Or if you traveled to the Dr Pepper StarCenter at Farmers Branch a few hours later to watch Spezza's teammates, Adam Cracknell, Antoine Roussel and Dan Hamhuis, and the head of the Stars' alumni association, Bob Bassen, play some sled hockey with the Dallas Sled Stars, and a team featuring players from throughout Texas, there would have been an inkling that, maybe, a team is something more than seats and tickets and scoreboards.
And certainly, if you'd happened on the dedication of a new playground structure in south Dallas a week or so earlier, an event that included team officials, it would be hard to argue that there isn't a strong element of humanity that comes with being a sports team -- if it's done right.
It's tricky business forging a relationship between a team and its community.
It doesn't just happen organically. You can't just show up and expect it to happen. Look at the Atlanta Thrashers and the cautionary tale they represent in moving to Winnipeg in 2011 -- a team that sowed very seeds in the community they called home for a dozen seasons before disappearing without a murmur.
There has to be vision and leadership -- and more than a little sweat equity -- in creating something meaningful between an inanimate object like a team and the flesh-and-blood people the community.
It takes people like Spezza, Roussel, Cracknell, Hamhuis, captain Jamie Benn, Tyler Seguin and so on. And it takes the volunteers, who helped shepherd the young players at Spezza's clinic into dressing rooms and onto the ice and from skill station to skill station, or who helped keep everything in order at the sled hockey game.
Video: Dallas Sled Stars charity sled hockey game
Each of the NHL's now-31 franchises operate their own foundations. Just as each marketplace is different, the challenges that present themselves to each of the foundations is likewise unique.
And things change. As they have in Dallas where the Dallas Stars Foundation is in a different place today than it was just a few years ago.
When your team goes into bankruptcy, as was the case with the Stars, it stands to reason that the Foundation suffers as well. But with Tom Gaglardi taking over as owner in the fall of 2011, and reviving the team and its profile in the community, the Dallas Stars Foundation has also been evolving and changing.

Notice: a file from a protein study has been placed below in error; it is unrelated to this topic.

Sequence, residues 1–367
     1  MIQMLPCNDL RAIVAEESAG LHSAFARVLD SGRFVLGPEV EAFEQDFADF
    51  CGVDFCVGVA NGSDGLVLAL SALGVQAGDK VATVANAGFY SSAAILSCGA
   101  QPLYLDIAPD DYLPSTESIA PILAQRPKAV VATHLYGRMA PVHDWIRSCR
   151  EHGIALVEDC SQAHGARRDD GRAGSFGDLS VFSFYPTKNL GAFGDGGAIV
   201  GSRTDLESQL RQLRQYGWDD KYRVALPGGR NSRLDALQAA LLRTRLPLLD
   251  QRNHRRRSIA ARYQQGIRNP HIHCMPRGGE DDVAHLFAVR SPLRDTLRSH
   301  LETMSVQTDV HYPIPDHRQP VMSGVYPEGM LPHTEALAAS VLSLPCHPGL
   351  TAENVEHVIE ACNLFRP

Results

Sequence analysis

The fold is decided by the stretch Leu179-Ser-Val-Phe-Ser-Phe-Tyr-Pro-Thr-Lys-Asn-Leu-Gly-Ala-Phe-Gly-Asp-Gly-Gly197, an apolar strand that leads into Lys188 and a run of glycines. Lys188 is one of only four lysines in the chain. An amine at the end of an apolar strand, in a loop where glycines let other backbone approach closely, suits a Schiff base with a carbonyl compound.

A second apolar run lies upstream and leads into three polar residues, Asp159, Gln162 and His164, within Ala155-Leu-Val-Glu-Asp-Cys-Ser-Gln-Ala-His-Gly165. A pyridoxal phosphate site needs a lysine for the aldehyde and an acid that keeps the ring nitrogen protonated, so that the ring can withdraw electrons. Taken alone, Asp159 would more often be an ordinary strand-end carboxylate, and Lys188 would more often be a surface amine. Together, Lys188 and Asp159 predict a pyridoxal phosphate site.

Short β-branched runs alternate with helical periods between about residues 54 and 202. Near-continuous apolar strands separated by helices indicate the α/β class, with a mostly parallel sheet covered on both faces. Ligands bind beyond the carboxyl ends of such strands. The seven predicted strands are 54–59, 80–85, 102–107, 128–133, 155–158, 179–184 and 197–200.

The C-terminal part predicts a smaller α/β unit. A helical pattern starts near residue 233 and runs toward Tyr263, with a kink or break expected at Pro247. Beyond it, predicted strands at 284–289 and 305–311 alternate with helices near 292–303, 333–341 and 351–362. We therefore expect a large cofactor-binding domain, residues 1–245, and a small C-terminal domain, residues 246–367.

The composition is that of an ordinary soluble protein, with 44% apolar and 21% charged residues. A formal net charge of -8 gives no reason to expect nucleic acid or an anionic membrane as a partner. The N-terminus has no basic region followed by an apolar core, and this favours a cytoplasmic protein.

As Grady Raskin, the man tasked with leading the Foundation as its executive director, put it: That the Foundation had tried to become too many things to too many people. There was a lack of identity about what the Foundation was supposed to be.
"We needed to focus and simplify the good work that the Foundation's been doing," Raskin said.
If you spend even 5 minutes talking to new Dallas head coach Ken Hitchcock, you understand that identity is key to what he hopes to accomplish on the ice.
Not so different for the Foundation, as it tracks towards a more defined identity, a clearer purpose vis-a-vis who it should be reaching out to in raising money, and then how to make the greatest impact in a unique fashion in the community with that money.
The playground construction is a great example of the evolving nature of the Foundation.
Equipment, initially, provided by the team was vandalized and damaged by fire after it was set up in February. So the Dallas Stars Foundation helped rebuild with even better gear and with even more volunteers taking time to come out and help with a project that fills a big need in an underserved part of the metropolitan area.
If Hitchcock was assessing this, he'd say that is a sign of resiliency.
The Foundation went with a new logo and mission statement and redid its website, where they will use the entire "brawn" of the organization from digital to social media to get its message out, Raskin said. It will help people answer the basic questions of what the Foundation does, and where does the money go that they collect.
For example, for the first time, the Foundation will launch an individual giving campaign which will allow those individuals, groups and businesses that want to support the campaign a direct line to make donations to the Foundation. It can now clearly show potential donors the Foundation's specific philanthropic programs and how their individual donation can help.